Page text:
What am I working on?

At the moment I am finalizing proofreading for my first novel, The Undead Sorceress before sending it to my formatter in Australia.

This is the first book in a series called International House of Vampires which has vampires, magic users, robots and people all rolled up in the cast of characters. I wrote this book because I love fantasy, sci-fi and horror books, but didn’t see much diversity in them. There is a female lead and characters of different ethnicities as well as LGBT. This book has a theme about filial obligations and how far one is willing to go for family.

The second book, Dark Evolution is 50% done, but I am a bit stuck as I keep rewriting it and then getting distracted by other things. All I can say is that there are mermaids in this and it has an environmental theme to it.

My non-fiction works are in various stages as well. The Literary Elephant is a book I started as a guide for beginning Indie publishers. I’ve learned a lot on my self-publishing journey and there is no need for people to reinvent the wheel every time! I hate books that wave a stick in a general direction, so this book will have links and lots of advice on how to implement action steps!

How to Make a Munchkin is a book about modern tools of baby making and the pressure on women to have babies. This was written after I had a “natural” miscarriage which took over a month and I was really scared for a long time. None of my medical books on pregnancy really described what happens during miscarriages, so I hope this will help others realize that they are not alone if they have issues and not to be too worried if they have to go through the same miscarriage event.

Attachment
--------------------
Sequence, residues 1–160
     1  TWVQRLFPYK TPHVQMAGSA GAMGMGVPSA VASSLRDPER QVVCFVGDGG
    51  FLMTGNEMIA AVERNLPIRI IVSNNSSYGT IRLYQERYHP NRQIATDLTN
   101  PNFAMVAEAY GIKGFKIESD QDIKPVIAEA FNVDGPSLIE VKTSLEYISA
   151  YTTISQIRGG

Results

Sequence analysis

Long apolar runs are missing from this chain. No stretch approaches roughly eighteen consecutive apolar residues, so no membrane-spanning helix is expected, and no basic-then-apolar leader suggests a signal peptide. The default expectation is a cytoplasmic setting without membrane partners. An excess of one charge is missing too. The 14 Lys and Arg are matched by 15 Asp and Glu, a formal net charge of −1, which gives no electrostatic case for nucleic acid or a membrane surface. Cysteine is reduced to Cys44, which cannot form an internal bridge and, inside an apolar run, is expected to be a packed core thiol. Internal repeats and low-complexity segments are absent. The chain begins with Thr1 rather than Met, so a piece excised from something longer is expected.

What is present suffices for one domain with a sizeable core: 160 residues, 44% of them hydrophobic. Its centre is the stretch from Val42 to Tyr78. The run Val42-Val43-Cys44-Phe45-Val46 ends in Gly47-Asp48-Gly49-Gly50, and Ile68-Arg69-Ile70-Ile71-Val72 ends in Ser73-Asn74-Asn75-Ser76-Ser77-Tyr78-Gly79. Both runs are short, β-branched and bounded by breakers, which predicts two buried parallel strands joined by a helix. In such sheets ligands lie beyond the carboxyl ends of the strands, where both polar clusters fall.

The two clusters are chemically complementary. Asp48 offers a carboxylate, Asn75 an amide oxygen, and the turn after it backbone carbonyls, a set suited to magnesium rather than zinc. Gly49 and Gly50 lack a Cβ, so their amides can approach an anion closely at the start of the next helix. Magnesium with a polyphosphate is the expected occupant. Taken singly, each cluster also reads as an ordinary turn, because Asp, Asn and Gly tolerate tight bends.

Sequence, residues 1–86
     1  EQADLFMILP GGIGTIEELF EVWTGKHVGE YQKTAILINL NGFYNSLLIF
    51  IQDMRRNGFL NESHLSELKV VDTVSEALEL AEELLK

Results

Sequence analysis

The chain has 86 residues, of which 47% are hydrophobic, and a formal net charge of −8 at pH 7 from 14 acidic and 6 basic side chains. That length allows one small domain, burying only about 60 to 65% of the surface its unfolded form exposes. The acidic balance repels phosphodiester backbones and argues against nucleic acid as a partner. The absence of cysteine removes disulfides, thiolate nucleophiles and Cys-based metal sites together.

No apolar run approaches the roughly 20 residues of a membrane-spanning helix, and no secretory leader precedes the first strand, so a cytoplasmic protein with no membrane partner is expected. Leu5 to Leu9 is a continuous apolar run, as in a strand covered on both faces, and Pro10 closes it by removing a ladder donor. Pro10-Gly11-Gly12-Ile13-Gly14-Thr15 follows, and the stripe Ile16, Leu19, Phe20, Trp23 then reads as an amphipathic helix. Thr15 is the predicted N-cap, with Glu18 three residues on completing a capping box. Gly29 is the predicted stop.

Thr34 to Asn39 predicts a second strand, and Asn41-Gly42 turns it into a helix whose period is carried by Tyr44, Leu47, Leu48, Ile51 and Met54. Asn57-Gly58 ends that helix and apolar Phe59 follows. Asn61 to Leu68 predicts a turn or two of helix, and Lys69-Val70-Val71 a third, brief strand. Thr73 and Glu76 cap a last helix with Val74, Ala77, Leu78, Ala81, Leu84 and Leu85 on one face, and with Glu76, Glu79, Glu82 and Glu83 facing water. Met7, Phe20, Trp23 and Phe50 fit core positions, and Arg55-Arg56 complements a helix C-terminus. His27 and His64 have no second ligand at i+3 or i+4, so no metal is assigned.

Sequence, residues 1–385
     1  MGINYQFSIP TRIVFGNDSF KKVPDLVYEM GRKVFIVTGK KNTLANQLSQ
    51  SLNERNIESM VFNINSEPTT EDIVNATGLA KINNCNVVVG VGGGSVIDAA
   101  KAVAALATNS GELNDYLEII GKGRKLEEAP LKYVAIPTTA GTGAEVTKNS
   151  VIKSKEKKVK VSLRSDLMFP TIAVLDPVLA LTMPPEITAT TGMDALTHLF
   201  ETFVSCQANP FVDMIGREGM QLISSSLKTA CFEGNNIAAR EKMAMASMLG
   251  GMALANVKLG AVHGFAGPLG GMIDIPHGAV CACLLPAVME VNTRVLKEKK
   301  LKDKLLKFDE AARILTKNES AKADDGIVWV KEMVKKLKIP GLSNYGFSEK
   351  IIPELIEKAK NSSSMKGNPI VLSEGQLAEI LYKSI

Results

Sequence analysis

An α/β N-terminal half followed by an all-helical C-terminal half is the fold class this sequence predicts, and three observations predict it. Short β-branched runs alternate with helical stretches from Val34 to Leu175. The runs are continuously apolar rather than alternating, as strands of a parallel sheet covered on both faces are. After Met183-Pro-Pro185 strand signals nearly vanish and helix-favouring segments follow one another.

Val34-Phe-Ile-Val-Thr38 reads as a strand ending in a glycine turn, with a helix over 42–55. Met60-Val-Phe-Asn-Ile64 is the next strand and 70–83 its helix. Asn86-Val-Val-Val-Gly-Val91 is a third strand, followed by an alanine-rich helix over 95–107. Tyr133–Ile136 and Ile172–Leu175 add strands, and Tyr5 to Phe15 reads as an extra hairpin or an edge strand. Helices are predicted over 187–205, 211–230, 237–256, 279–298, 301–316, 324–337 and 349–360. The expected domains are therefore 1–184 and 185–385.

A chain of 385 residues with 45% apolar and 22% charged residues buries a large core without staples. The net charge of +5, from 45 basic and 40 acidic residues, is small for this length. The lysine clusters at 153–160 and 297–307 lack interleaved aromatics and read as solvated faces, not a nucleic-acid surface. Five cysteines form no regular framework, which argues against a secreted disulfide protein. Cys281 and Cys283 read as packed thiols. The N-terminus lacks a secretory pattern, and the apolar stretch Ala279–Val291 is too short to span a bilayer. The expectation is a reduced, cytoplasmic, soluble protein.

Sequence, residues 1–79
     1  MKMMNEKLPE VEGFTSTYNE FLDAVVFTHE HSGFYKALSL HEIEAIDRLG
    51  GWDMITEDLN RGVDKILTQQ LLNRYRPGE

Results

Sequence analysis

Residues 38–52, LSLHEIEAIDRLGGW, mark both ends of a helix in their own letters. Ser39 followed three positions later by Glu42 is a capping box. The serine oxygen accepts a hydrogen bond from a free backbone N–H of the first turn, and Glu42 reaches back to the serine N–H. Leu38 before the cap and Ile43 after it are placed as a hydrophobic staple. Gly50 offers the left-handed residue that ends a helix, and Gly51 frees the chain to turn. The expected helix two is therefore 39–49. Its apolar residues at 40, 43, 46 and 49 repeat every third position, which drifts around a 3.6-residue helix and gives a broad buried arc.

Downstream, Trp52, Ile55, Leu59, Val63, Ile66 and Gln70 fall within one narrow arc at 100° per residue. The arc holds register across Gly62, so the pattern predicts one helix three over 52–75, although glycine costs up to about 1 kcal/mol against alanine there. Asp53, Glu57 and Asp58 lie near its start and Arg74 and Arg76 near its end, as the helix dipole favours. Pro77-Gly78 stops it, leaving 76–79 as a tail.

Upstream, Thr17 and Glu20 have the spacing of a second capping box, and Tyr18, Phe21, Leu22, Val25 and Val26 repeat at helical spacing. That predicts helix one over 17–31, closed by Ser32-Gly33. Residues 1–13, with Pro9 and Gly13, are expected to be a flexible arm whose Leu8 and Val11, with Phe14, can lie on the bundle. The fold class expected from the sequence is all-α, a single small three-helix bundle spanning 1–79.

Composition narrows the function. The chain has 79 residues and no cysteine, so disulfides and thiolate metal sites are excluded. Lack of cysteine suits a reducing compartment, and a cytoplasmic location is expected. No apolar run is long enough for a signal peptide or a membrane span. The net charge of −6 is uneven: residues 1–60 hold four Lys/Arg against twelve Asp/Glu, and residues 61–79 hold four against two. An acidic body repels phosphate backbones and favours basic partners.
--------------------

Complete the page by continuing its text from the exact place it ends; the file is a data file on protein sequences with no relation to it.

I need to update some statistics before sending it to my editor. As well, I have a family doctor and a nurse lined up who are very interested in reading this and will contribute to the forward of this book.

How does my work differ from others of its genre?

I’m actually entering The Undead Sorceress into a novel competition for the “Visionary Fiction” category. This work is different because mixes up fantasy, horror, sci-fi and contains a global cast. My background is in Nuclear Medicine, so I tend to incorporate some science into my stories. As well, growing up with concept of Taoism, I inadvertently wrote a lot of that into the book since Taoist philosophies explain the concepts of magic and vampires so nicely.

For my non-fiction work, I try to incorporate useful information in a simple manner. Many times I read self-help books that are not very helpful and that pisses me off. So I do my best to offer valuable advice and realistic outlooks on situations.

Why do I write what I do?

I’ve always wanted to write and still remember the day when I had to choose between Science or English. My parents were against English as they thought I would starve to death as a writer and convinced me that Science had more opportunities. I loved Science very much too, so I headed down that road and now work in the Healthcare Sector.

One day, I discovered a fellow hospital administrator self-published a book and this sparked my interest in writing again. Self-publishing? What is that?! I thought that the life of writer was becoming depressed over rejection and then dying early, usually by starving or suicide.

Inspired that someone made a book, I started writing again and it was done fairly quickly as I had a story in the back of my mind for the last ten years. It was the idea of how I would sacrifice my life for my grandmother as she suffered different setbacks over the years (fish bone poisoning, stroke, etc.) The Asian notion of filiality is self-sacrifice for the older generation as they sacrificed themselves for the younger generation while raising them.

Generally, I write because I like sharing different truths in fiction and non-fiction. It is a way of disseminating knowledge and contributing to society via this “artform”.

How does my writing process work?

I think too much. I overthink. I hypothesize a lot because I have spent too many years with the scientific method. I am not a healthy writer because I also procrastinate and tend to overdose on chocolate.

Generally, I like reading anything and everything from newspapers to books to magazines. I also like watching lots of films; doesn’t matter what language as long as there is a good story. Also I like travelling, visiting museums, art galleries and random places. I absorb a lot of different cultures and things just spark as I figure out if I want to write a story featuring a certain element I’ve seen or not.